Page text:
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Get Involved in the Development Review Process

Have your neighbors told you that someone is developing that property down the street? Have you seen a sign advertising a meeting about a proposed development in your neighborhood? Did you get a notice in the mail saying a plan has been filed to develop the property across the street or next door?

We encourage community participation in the development review process.

How You Can Get Involved

You have the opportunity to voice your concerns and opinions. Don’t miss your chance to have your say about what’s going on in your community!
  • Find out about the development review process
    Determine the type of plan submitted, what issues will be addressed in the plan’s review, and the most effective way to present your concerns.
  • Coordinate with others
    Talk to your neighbors, your homeowners association, and your civic association to coordinate your responses.
  • Voice your opinion
    Comment in a letter, by email, or in person at the Planning Board hearing.
  • Read our brochure
    How to Participate Effectively in Reviewing Development Applications (PDF)

Address Relevant Issues

The area master plans and the Zoning Ordinance determine whether and how a property can be developed. For a specific project, your comments should address issues such as:

  • The development’s effect on adjacent properties and the neighborhood
  • The adequacy of existing and planned public infrastructure to serve the proposed development (school capacity decisions are made by the County Council, not by the Planning Board)
  • The development’s effect on traffic, circulation, and access
  • The development’s environmental impacts and adherence to development regulations.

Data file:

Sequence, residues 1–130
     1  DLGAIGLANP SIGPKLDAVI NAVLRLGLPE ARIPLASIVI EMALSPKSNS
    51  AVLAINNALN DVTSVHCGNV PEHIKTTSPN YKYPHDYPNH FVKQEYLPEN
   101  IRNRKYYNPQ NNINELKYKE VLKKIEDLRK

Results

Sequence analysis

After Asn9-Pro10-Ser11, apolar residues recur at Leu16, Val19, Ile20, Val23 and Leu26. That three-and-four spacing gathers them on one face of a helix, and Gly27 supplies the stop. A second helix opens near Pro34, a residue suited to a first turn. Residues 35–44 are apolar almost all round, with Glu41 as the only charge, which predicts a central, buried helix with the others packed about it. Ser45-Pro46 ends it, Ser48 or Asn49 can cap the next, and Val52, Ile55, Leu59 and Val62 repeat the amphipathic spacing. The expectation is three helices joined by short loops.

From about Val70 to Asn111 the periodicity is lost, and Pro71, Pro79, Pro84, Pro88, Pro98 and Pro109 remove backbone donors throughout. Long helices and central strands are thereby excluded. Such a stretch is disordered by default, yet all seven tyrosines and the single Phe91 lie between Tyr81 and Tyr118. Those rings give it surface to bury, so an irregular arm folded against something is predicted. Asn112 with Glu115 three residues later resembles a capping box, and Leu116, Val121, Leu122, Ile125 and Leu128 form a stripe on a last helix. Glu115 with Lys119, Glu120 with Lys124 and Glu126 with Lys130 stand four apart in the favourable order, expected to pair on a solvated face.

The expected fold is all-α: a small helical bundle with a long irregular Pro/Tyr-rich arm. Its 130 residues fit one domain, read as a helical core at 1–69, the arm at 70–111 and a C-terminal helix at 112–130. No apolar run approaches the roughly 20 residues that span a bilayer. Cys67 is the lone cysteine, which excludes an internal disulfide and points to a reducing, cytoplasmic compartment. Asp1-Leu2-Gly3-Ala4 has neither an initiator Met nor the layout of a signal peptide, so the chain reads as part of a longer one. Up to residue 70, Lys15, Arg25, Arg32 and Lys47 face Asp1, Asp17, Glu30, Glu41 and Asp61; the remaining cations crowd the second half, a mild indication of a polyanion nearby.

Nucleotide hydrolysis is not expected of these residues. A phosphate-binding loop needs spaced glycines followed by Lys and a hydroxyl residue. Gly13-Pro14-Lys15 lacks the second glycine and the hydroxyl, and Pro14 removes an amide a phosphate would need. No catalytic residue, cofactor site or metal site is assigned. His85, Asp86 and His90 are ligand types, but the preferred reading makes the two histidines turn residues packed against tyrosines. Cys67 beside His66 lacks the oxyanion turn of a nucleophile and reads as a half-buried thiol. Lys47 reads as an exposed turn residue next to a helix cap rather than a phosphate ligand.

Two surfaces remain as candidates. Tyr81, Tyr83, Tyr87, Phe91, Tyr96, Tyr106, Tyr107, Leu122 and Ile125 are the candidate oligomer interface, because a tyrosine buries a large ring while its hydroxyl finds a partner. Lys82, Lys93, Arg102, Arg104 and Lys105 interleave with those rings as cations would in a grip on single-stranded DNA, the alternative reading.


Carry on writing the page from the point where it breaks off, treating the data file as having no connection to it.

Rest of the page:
How to Find Out About Development Proposals

The Board has developed specific procedures for notifying the public about proposed development. You can contact Information Counter staff for information at 301-495-4610.

  • Pre-submission meeting
    Anyone who wants to develop or redevelop land must post signs on the site and hold pre-submission meetings. Contact information must be posted, and anyone interested in the development of the site can attend the meetings. The applicant also must send written notice to abutting and confronting property owners, and to homeowners associations and civic associations within a one-half- to one-mile radius, depending on application type.
  • Written notice
    When an application is filed, the applicant sends written notice to those who received the pre-submission notice and others who have emailed or written to indicate their interest. New signs also are posted on the site.
  • Development Review Committee meeting
    After a plan is filed, the applicant meets with the DRC, an interagency task force consisting of Park and Planning staff and representatives of other public agencies. The public can attend, but not speak, at DRC meetings. The schedule is posted two weeks in advance at on the development review website.
  • Public Hearing Notice
    When the Planning Board public hearing is scheduled, the Planning Department notifies interested parties.
  • Online Agenda and Staff Reports
    The Planning Board agenda is posted online two weeks in advance, along with relevant staff reports.

The Process

  1. The Montgomery County Planning Board administers the development review process in accordance with the Zoning Ordinance, the recommendations in the master plan, and other applicable regulations and guidelines.
  2. The applicant submits a proposal for development. The type of plan submitted—Sketch Plan, Preliminary Plan of Subdivision, or Site Plan—depends on what is being proposed, how the property is zoned, and the zone’s requirements. Even before a proposal is submitted, an applicant is required to post signs on the property and hold meetings with the community to discuss the proposal.
  3. Planners in the Area Team Divisions review the proposal and issue a staff report. Based on an analysis of the proposal’s compliance with applicable regulations and guidelines, staff may recommend approval—usually with a list of required conditions—or denial.